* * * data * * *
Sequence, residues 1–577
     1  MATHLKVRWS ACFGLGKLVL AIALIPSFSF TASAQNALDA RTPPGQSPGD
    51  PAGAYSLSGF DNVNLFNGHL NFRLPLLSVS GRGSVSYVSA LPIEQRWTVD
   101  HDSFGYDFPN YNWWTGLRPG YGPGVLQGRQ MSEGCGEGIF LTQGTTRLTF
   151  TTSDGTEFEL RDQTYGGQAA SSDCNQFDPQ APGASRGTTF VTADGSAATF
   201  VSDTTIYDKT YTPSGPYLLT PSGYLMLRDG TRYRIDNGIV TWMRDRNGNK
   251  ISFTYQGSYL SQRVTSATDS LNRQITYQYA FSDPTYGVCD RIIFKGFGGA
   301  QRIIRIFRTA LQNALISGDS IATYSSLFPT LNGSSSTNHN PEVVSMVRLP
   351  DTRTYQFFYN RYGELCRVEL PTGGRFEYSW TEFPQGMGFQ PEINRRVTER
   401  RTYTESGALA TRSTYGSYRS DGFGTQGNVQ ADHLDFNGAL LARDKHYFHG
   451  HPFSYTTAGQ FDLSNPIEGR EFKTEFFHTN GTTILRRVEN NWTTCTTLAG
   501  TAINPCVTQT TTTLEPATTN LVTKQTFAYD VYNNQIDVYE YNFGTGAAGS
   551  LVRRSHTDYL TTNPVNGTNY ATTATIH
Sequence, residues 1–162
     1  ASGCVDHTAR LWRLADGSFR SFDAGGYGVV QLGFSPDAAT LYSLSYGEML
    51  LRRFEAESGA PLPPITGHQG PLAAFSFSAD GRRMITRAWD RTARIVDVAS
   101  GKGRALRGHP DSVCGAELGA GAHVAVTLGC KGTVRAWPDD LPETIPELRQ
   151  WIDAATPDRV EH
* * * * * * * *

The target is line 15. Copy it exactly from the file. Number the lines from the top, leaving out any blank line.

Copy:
     1  ASGCVDHTAR LWRLADGSFR SFDAGGYGVV QLGFSPDAAT LYSLSYGEML